Bars and entertainment venues in Dubai which flout their licensing laws and allow customers wearing traditional dress to enter face hefty fines or closure, officials have warned.
A Dubai Tourism and Commerce Marketing (DTCM) director told 7DAYS how the department sends undercover inspectors into establishments where alcohol is served to monitor the clientele.
“You have mystery shoppers, and you can say it’s the same for DTCM monitoring purposes. We use mystery guests to get feedback, they are assessors… to do the classification and check that the criteria is being met and is adhered to,” hotel classification director Majid Sager Al Marri said.
7DAYS reported yesterday how Muslim music fan Manal Rostom was turned away from the DXB Beach Festival at Nasimi Beach, where alcohol was served, as she was wearing a traditional headscarf. Al Marri said he suspected the venue was merely complying with the terms of its licence in refusing entry to Rostom.
DTCM business development director Shaikha Ebrahim Al Mutawa admitted the event had raised questions among staff in the department about whether it was suitable for those in national dress because it involved music and alcohol.
Al Marri said no inspectors were present at the festival on Friday, however he said the department routinely checked establishments and hotels to make sure they were complying with their liquor licence, permits and DTCM guidelines. Plain-clothed staff or “mystery assessors” work day and night shifts, randomly inspecting establishments at Dubai’s 570 hotels, entertainment venues and leisure clubs, Al Marri said.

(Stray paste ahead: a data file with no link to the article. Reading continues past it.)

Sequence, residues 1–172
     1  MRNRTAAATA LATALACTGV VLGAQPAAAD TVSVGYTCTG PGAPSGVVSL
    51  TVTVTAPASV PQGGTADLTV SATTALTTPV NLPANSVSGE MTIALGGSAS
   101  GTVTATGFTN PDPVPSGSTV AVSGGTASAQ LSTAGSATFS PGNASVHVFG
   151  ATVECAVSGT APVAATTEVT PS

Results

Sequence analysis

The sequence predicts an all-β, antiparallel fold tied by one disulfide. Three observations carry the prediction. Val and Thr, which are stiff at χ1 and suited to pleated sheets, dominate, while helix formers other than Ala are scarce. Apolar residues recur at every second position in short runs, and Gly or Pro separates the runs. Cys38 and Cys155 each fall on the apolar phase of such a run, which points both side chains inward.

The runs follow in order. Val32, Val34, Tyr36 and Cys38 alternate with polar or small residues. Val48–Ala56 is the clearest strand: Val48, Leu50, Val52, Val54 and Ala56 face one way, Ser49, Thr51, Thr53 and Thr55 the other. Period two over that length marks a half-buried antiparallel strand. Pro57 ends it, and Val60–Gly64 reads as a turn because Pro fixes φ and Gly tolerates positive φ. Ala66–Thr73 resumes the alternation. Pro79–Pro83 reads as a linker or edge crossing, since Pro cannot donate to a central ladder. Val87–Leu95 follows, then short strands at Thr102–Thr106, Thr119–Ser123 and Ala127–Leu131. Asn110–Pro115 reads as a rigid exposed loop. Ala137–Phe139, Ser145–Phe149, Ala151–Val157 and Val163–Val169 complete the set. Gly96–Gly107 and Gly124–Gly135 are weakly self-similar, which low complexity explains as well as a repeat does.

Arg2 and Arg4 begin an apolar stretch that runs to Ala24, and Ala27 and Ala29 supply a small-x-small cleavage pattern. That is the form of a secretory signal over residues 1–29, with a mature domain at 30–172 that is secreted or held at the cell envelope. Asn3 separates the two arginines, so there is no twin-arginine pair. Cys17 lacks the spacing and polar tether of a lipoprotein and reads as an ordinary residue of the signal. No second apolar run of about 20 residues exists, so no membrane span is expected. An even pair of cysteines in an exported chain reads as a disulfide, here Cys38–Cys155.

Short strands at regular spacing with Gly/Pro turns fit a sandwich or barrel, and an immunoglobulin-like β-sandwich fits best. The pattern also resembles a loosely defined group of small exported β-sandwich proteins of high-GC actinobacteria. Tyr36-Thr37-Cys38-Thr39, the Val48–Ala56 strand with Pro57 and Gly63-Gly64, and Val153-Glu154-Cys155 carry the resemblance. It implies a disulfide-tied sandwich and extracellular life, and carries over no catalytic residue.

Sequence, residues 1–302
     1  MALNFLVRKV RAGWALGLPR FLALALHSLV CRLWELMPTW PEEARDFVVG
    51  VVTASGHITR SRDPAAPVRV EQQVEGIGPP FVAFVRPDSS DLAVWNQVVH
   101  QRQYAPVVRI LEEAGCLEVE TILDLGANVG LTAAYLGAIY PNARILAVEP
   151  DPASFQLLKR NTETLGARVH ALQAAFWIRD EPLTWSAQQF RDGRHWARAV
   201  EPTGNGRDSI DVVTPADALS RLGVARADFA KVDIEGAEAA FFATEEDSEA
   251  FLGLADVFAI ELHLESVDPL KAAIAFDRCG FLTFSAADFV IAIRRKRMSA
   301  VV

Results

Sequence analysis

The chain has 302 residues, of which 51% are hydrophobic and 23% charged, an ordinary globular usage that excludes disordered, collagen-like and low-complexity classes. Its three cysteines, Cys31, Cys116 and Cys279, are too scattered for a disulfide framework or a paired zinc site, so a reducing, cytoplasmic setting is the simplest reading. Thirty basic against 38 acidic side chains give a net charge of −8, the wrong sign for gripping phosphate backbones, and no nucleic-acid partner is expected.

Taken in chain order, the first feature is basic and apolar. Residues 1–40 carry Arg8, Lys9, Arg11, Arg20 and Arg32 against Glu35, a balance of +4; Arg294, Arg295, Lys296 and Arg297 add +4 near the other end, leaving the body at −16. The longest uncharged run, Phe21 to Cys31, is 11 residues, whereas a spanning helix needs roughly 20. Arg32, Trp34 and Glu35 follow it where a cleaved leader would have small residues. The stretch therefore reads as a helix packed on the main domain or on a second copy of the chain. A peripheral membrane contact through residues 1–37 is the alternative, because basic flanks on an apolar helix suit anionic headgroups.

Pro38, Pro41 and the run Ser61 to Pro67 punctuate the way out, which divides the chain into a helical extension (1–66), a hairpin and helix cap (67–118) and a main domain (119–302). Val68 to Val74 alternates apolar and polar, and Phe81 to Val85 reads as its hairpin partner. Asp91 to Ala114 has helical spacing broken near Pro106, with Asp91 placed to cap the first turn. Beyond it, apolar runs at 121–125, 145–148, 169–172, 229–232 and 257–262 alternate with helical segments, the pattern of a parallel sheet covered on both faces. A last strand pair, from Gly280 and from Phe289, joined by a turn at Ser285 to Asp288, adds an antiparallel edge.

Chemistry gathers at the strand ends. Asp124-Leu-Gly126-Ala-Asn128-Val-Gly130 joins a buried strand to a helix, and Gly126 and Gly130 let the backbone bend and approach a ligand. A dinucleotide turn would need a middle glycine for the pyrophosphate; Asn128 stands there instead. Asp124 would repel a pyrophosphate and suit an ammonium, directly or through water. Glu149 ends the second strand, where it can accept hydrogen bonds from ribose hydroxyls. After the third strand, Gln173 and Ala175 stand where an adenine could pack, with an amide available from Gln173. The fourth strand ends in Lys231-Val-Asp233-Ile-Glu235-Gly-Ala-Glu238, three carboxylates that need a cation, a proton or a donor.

“We have assessors working from morning and in second shifts at night, wherever is necessary. They will contact the hotel sometimes and visit them, or do mystery guest checks, to check criteria is followed,” he added.
An establishment found to be breaking those rules risks a fine up to Dhs20,000, and permanent or temporary closure.
DTCM was unable to provide figures on the number of venues that had been found to be breaking the rules this year, but Al Marri said the department tried to work with venues in the first instance, giving them time to resolve the issue before any penalty was imposed.
In light of last weekend’s hijab row, he explained the rules around national dress and when it could be worn in entertainment venues.
“If it’s an event about alcohol, or suppose it’s like a dance floor, you cannot allow those in a national dress to be there… it’s about respecting the national culture and country,” Al Marri said.
He added that restrictions on national dress were normally conditions of the liquor licence, issued by police, rather than as a result of a venue’s own dress code.
“It also depends on the venue and their classification. With a restaurant, it’s normal to have a meal there; it’s not just about alcohol, so people can attend in national dress,” Al Marri said.
The hospitality sector has been warned about guidelines relating to national dress.
The rules state: “Access to discos, nightclubs and dance clubs is forbidden to individuals wearing the national dress of the Arab Gulf Cooperation Council; Kandura (the white gown worn by Muslim men), Ghutra (traditional head dress) and Eqal (black headgear worn by men).”
The circulars also said the dress code must be clearly visible at the entrance and warns against imposing restrictions relating to race, colour or profession.